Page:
49. Other particulars of the troops and companies, 218


Servants and Slaves.

§50. Distinction between a servant and a slave, 219
51. Work of their servants and slaves, 219
52. Laws in favor of servants, 220


Provision for the Poor, and other Public Charitable Works.

§53. Legacy to the poor, 223
54. Parish methods in maintaining their poor, 223
55. Free schools, and schooling of children, 224


Tenure of Lands and Grants.

§56. Tenure and patents of their lands, 225
57. Several ways of acquiring grants of land, 225
58. Rights to land, 225[Pg xiv]
59. Patents upon survey, 225
60. Grants of lapsed land, 226
61. Grants of escheat land, 227


Liberties and Naturalization of Aliens.

§62. Naturalizations, 228
63. French refugees at the Manican town, 228


Currency and Valuation of Coins.

§64. Coins current among them, what rates, and why carried from among them to the neighboring plantations, 230


Husbandry and Improvements.


People, Inhabitants of Virginia.

§65. First peopling of Virginia, 231
66. First accession of wives to Virginia, 231
67. Other ways by which the country was increased in people, 232


Buildings in Virginia.

§68. Public buildings, 234
69. Private buildings, 235


Edibles, Potables and Fuel.

§70. Cookery, 236
71. Flesh and fish, 236
72. Bread, 237
73. Their kitchen gardens, 237
74. Their drinks, 238
75. Their fuel, 238


Clothing in Virginia.

§76. Clothing, 239
Slothfulness in handicrafts, 239


Temperature of the Climate, and the Inconveniences attending it.

§77. Natural temper and mixture of the air, 240
78. Climate and happy situation of the latitude, 240
79. Occasions of its ill character, 241[Pg xv]
Rural pleasures, 241
80. Annoyances, or occasions of uneasiness, 243
Thunders, 243
Heat, 243
Troublesome insects, 243
81. Winters, 250
Sudden changes of the weather, 251


Diseases incident to the Country.

§82. Diseases in general, 252
83. Seasoning, 253
84. Cachexia and yaws, 253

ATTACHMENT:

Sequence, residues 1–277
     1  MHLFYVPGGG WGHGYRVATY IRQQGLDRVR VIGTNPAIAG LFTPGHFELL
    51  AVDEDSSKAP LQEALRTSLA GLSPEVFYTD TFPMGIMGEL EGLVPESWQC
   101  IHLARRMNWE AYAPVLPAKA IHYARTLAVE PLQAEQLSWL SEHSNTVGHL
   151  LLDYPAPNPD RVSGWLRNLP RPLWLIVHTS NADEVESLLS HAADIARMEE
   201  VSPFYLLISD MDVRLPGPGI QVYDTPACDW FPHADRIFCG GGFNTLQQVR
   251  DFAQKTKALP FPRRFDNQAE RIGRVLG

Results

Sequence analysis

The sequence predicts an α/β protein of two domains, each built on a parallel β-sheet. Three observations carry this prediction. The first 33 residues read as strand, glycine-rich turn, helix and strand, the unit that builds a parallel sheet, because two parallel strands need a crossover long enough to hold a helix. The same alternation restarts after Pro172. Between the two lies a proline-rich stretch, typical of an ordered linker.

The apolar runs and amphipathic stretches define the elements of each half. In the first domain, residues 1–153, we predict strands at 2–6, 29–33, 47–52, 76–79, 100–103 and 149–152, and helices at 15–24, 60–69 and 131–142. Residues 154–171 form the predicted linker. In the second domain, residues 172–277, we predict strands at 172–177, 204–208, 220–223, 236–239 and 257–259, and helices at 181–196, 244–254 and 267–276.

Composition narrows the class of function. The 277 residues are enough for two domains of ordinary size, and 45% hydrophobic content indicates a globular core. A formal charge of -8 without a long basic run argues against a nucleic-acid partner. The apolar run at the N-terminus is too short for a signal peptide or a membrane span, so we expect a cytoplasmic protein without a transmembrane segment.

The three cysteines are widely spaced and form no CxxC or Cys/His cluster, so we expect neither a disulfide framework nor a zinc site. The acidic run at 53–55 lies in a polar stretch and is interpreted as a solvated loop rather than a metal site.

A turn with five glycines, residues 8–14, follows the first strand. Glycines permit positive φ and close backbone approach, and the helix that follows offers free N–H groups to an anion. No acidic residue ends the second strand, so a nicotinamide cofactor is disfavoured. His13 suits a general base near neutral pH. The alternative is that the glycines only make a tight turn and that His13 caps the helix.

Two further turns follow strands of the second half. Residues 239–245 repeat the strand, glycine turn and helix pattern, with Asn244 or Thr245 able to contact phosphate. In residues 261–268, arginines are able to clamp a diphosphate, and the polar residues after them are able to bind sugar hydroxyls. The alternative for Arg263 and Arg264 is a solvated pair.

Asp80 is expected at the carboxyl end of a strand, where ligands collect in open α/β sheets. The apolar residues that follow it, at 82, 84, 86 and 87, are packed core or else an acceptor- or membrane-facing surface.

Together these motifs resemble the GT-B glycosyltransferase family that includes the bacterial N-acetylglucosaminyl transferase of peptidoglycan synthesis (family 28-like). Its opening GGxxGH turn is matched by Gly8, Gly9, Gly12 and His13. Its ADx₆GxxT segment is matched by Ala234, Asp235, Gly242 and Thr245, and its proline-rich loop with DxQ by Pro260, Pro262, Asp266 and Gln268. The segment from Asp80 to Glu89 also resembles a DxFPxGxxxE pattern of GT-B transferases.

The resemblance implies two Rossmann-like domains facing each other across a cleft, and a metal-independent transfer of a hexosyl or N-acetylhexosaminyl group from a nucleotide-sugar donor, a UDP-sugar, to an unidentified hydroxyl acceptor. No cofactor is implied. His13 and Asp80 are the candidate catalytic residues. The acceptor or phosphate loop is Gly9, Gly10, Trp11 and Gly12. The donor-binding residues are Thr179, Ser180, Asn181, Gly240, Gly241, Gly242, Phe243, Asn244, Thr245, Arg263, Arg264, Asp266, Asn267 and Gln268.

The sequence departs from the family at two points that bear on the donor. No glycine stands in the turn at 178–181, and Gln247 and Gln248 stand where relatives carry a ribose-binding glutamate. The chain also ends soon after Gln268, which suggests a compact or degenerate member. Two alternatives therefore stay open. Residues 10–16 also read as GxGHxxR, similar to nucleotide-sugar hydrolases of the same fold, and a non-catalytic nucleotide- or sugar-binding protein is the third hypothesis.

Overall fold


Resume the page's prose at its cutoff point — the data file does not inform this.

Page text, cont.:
85. Gripes, 253


Recreations and Pastimes in Virginia.

§86. Diversions in general, 254
87. Deer-hunting, 254
88. Hare-hunting, 254
89. Vermin-hunting, 255
90. Taking wild turkies, 256
91. Fishing, 256
92. Small game, 256
93. Beaver, 256
94. Horse-hunting, 257
95. Hospitality, 258


Natural Product of Virginia, and the Advantages of Husbandry.

§96. Fruits, 259
97. Grain, 261
98. Linen, silk and cotton, 261
99. Bees and cattle, 262
100. Usefulness of the woods, 263
101. Indolence of the inhabitants, 263

[Pg xvi]

[Pg xvii]


My first business in the world being among the public records of my country, the active thoughts of my youth put me upon taking notes of the general administration of the government; but with no other design, than the gratification of my own inquisitive mind; these lay by me for many years afterwards, obscure and secret, and would forever have done so, had not the following accident produced them:

In the year 1703, my affairs calling me to England, I was soon after my arrival, complimented by my bookseller with an intimation, that there was prepared for printing a general account of all her majesty's plantations in America, and his desire, that I would overlook it before it was put to the press; I agreed to overlook that part of it which related to Virginia.

Soon after this he brings me about six sheets of paper written, which contained the account of Virginia and Carolina. This it seems was to have answered a part of Mr. Oldmixion's British Empire in America. I very innocently, (when I began to read,) placed pen and paper by me, and made my observations upon the first page, but found it in the sequel so very faulty, and an abridgement only of some accounts that had been printed sixty or seventy years ago; in which also he had chosen the most strange and untrue parts, and left out the more sincere and faithful, so that I laid aside all thoughts of further observations, and gave it only a reading; and my bookseller for answer, that the account was too faulty and too imperfect to be mended; withal telling him, that seeing I had in my junior days taken some notes of the government, which I then had with me in England, I would make him an account of my own country, if I could find time, while I staid in London. And this I should the rather undertake in justice to so fine a country, because it has been so misrepresented to the common people of England, as to make them believe that the servants in Virginia are made to draw in cart and plow as horses and oxen do in England, and that the country turns all people black who go to live there, with other such prodigious phantasms.

Accordingly, before I left London, I gave him a short history of the country, from the first settlement, with an account of its then state; but I would not let him mingle it with Oldmixion's other account of the plantations, because I took them to be all of a piece with those I had seen of Virginia and Carolina, but desired mine to be printed[Pg xviii] by itself. And this I take to be the only reason of that gentleman's reflecting so severely upon me in his book, for I never saw him in my life that I know of.

But concerning that work of his, I may with great truth say, that (notwithstanding his boast of having the assistance of many original papers and memorials that I had not the opportunity of) he nowhere varies from the account that I gave, nor advances anything new of his own, but he commits so many errors, and imposes so many falsities upon the world, To instance some few out of the many: